Wow, it’s been only one week since we kicked off our crowd funding campaign and we already have so much to tell!

The historical moment was April 3rd, 12:01 CET, when we tweeted about it for the first time:

First, thank you all for being amazing supporters of our mission and making our dream of more women in Open Source come true more day by day! This is really moving. Haven’t donated yet? Do eet now and join all the other wonderful people: railsgirlssummerofcode.org/campaign/! And while others can’t stop high fiving about this, running around with a big smile in their faces or buying chocolate for everyone, some couldn’t stand still anymore.

WE JUST CAN’T HIDE IT

The whole team has bee so happy about this campaign! We just can’t hide it. Two of our organizers, Floor and Anika, even jumped around out of joy:

And these 7 days truly have been something to jump around about for all of us.

  • We funded 8 students in 7 days,

  • got 110 retweets of our announcement tweets,

  • had 2.233 website visits within 4 hours,

  • have 64 individual donors, (we found two Tobias’, two Patrick’s, two Jeremy’s in there),

  • got 17 ♥s in the comments

  • and have already 11 company sponsors hopping on board!

We are so happy about Travis CI joining as a lead organizing supporter through Travis Foundationand Github as a returning Platinum sponsor, supporting us from the very beginning. We also are super happy to announce SoundCloud again as one of our biggest sponsors, as well as Google Open Source. So great to see the magic happen again.

FAVORITE MOMENTS

Magic also always happens in the small moments and one of our favorite was definitely this donation comment from @eljojo:

We also love every single tweet from you and that you help us spread the word.

Another week lays before us, we look forward to having even more amazing people and companies join our great supporters and help us bring our misson forward: Getting more women into Open Source! You all started making that happen and are helping us reach our goal of supporting 20 students: railsgirlssummerofcode.org/campaign/

LET’S FUND THOSE NEXT SCHOLARSHIPS!

The wonderful 6Wunderkinder, Envato and Springest are Coaching Companies

Posted on by Floor

6wunderkinder, Envato and Springest support our Summer of Code by being Coaching Companies, a role we defined for this year’s edition as we noticed that some of last year’s most successful student teams have been supported greatly by local coaching companies. Companies like SoundCloud, who provided a place to work and a pool of coaches to help out two student teams at their Berlin office, inspired us to formalize this role.

Having the exposure to a productive work environment and ready access to coaches, greatly helps our students get the most out of their summer! And the other way around, a Coaching Company brings in talented people, excited to learn as much as they possibly can. Their fresh take on projects, and possibly unorthodox questions, are a valuable asset. Plus: you get to actively support the Open Source community.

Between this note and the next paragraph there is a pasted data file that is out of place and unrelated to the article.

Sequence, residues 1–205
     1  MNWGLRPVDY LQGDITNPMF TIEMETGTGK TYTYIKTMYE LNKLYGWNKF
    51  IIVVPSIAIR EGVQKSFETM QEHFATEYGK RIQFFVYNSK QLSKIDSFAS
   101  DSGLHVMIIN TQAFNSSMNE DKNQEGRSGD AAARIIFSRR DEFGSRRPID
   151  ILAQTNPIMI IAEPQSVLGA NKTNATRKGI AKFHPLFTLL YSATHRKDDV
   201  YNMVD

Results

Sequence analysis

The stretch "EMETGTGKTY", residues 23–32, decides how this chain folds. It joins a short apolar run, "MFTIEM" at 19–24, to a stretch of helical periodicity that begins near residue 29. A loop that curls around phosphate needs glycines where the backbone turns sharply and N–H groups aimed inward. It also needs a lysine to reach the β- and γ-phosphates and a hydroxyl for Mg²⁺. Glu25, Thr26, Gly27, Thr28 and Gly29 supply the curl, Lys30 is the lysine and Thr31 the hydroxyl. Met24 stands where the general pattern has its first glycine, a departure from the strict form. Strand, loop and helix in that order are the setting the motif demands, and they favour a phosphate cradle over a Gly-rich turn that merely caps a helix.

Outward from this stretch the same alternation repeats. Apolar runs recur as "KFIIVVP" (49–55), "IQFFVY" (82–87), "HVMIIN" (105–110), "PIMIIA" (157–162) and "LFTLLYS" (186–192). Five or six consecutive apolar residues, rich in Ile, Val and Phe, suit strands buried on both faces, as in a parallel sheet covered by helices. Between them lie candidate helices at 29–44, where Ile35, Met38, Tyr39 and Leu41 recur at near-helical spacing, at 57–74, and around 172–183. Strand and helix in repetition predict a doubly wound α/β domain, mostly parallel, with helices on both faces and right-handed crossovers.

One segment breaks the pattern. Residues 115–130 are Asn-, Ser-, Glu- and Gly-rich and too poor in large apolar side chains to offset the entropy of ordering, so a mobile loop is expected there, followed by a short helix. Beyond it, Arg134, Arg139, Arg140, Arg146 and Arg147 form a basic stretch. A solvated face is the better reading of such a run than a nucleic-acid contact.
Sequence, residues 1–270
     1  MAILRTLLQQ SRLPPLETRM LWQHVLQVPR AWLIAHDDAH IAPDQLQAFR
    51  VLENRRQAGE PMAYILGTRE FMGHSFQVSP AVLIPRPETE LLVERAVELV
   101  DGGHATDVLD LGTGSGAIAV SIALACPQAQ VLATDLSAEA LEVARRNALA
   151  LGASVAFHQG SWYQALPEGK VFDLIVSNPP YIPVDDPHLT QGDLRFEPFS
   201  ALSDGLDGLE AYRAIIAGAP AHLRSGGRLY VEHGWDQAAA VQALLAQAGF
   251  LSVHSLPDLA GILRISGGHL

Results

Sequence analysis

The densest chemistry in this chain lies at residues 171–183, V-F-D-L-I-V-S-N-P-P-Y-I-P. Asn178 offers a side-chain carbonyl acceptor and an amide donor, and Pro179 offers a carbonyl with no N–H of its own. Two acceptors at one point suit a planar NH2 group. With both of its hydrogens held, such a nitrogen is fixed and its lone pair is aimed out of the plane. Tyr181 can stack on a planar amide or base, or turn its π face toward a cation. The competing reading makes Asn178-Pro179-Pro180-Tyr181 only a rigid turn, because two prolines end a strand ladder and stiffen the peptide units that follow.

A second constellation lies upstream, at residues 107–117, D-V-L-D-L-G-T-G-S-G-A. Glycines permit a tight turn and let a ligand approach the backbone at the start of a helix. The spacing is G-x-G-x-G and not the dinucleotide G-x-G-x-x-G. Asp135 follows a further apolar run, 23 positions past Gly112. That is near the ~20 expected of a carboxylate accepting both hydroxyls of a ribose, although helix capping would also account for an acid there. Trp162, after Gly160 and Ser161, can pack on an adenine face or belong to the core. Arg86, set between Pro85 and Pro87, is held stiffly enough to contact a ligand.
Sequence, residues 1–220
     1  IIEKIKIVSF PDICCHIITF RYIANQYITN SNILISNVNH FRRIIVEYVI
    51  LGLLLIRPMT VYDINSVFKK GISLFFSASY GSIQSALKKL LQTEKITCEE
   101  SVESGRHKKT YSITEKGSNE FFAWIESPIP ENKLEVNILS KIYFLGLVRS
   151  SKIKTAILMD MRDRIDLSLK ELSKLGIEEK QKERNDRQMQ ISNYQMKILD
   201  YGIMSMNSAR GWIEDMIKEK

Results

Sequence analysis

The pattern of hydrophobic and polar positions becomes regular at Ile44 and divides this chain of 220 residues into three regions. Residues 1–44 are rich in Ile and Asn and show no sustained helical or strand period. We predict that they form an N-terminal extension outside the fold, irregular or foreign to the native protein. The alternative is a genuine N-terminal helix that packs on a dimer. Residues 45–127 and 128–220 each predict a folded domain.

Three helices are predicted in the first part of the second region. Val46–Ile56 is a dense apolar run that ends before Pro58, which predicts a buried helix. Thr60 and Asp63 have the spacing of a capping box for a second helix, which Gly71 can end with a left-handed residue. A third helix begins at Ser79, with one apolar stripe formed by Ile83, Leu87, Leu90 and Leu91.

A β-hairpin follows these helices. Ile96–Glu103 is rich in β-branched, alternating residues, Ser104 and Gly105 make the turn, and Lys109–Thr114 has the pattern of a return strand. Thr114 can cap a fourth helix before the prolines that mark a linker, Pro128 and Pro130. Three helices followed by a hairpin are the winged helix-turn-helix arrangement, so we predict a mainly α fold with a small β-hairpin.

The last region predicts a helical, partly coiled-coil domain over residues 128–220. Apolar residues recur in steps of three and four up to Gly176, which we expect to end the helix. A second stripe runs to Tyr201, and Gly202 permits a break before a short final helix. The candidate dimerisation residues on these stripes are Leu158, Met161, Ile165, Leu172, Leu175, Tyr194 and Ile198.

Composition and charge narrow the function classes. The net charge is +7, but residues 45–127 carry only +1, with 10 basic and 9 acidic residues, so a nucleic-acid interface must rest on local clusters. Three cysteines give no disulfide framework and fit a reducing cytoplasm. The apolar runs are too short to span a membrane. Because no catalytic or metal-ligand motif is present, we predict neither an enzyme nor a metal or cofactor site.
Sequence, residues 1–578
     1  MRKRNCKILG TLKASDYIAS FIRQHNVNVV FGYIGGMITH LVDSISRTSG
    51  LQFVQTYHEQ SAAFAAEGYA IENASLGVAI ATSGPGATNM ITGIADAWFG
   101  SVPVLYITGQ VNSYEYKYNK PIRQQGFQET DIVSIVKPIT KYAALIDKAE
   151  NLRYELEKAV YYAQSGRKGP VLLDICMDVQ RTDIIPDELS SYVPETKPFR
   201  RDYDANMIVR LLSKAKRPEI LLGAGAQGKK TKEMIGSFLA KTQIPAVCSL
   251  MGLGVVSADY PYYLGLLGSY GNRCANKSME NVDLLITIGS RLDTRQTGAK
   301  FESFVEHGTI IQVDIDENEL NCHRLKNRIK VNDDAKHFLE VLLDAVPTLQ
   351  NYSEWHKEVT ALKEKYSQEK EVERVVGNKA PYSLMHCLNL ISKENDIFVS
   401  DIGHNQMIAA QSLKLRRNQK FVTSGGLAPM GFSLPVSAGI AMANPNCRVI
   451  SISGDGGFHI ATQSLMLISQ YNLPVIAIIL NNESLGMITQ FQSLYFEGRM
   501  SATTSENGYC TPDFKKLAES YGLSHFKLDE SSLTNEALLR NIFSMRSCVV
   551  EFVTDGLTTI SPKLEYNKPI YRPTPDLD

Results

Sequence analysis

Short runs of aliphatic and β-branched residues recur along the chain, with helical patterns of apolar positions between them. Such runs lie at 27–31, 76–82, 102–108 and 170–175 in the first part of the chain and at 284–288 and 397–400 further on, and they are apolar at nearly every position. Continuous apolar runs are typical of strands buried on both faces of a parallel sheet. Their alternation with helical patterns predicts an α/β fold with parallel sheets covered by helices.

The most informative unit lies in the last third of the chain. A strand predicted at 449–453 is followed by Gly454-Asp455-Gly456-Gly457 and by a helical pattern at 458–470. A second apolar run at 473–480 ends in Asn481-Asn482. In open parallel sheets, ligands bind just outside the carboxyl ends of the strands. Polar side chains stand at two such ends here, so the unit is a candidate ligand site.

We are excited to have 6wunderkinder (Berlin, Germany), Envato (Melbourne, Australia) and Springest (Amsterdam, The Netherlands) on board. And all three of them just sent an email to the Summer of Code team about how they wanted to support Rails Girls Summer of Code in a more ‘offline’ way.

Last year, our dear friends at SoundCloud offered coaching and space to our students and besides that it was a big success for everyone involved, they clearly had some fun (and cookies!).

Did you know that being a Coaching Company means that coaches employed by the company will have to prepare one (or many) team’s application together with the students. If you are thinking about applying to Rails Girls Summer of Code, it might just be a good idea to register at our teams app, to find a coach at either of these companies.

Chad Fowler, CTO at 6Wunderkinder: “We are excited to do anything we possibly can for Rails Girls Summer of Code. Looking forward to this summer!”

Chad coincidentally is also a member of the organizing team behind Rails Girls Summer of Code.

Wouter de Vos, CTO at Springest NL: “As a learning company, we love this opportunity to share our knowledge and help people find their dream. We think it is opportunities like these that build towards a more equal environment in the developer community, and we are proud to be a part of it.”

Collis Ta’eed from Envato is also super excited to offer some help to future Rails Girls students in Down Under: “We have a lovely creative office in the heart of Melbourne with plenty of desks, and we can offer some coaching support ready to go”

Envato is also one of our Early Bird sponsors. And they have some great video tutorials about Ruby. Just saying.

Do you have free space for at least a one to two-person team to work? Do have developers passionate about helping newcomers, and working on Open Source? You might just have what it takes to be a Coaching Company. Do register your company by emailing us: summer-of-code@railsgirls.com.